Many NHS trusts in England are failing to log, track or disclose information on conflicts of interest among staff, it has been claimed.
While healthcare professionals are obliged to divulge any potential conflict, the current system for recording them is "not functioning adequately", according to a report published in journal BMJ Open.
Public trust in the profession could be undermined by a lack of transparency, the researchers warned, as they called for the establishment of a central statutory body to ensure NHS trusts tighten their policies.
NHS England has issued standards to trusts which state that all staff should declare potential conflicts of interest to their employers, and that these should be recorded in a gifts and hospitality register.
Copies of these registers for the financial year 2015 to 2016 were requested from 236 NHS trusts in England as part of the study.
Of the 185 registers received, the researchers found only 31 (16.7%) contained fields recording the name of the recipient, donor and the cash amount received and incomplete fields were "common".
They said a US-style system should be established, which requires all payments to doctors to be declared on an openly accessible central database.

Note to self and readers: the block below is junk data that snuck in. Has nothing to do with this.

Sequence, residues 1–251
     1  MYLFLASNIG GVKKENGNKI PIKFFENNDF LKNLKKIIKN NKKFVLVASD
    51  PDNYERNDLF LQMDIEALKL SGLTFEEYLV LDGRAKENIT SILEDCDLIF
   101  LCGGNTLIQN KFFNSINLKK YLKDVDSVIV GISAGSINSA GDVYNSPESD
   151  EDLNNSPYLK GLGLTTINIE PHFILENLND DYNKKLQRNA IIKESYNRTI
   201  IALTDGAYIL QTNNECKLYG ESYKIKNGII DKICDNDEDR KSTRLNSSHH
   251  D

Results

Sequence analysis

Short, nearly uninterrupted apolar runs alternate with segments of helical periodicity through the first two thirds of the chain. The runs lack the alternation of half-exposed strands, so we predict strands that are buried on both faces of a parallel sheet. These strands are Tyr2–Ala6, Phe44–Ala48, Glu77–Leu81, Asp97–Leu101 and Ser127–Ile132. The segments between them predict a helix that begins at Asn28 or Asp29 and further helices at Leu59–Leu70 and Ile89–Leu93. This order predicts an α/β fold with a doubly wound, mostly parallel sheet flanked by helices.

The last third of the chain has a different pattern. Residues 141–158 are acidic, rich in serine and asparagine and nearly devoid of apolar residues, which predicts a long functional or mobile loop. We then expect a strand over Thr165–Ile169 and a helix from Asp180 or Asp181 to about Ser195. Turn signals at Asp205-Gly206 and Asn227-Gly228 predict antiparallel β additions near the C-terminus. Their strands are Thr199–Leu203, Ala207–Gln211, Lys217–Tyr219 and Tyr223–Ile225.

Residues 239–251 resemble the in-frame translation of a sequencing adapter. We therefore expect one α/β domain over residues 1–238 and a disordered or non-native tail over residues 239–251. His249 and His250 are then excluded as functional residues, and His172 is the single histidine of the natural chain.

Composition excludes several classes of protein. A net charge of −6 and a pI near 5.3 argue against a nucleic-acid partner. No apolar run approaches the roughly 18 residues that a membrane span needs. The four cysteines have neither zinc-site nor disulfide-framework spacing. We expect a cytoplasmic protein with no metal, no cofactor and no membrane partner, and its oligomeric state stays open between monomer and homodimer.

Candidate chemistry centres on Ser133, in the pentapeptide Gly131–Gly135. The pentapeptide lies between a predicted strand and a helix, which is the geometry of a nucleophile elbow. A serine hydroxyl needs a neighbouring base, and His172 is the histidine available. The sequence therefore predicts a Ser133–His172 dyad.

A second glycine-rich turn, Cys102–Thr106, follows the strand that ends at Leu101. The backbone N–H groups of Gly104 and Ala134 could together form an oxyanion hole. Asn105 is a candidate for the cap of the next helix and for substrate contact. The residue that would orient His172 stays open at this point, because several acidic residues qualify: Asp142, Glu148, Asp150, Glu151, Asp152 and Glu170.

"Information on conflict of interest is poorly collected, poorly managed, and poorly disclosed by NHS Trusts in England," the researchers said.
"The ongoing absence of transparency around conflict of interest in the UK may undermine public trust in the healthcare professions.
"Simple clear legislation and a requirement for open disclosure of conflict of interest to a central body, similar to that in the US, would present a simple and effective solution."
Direct gifts and incentives have been banned by trade body the Association of the British Pharmaceutical Industry since 2010.
But pharmaceutical companies can pay clinicians to deliver professional development lectures, sponsor their attendance at conferences or educational events, and provide training to other clinicians.
The pharmaceutical industry reported around £115 million was spent in this area in 2015.
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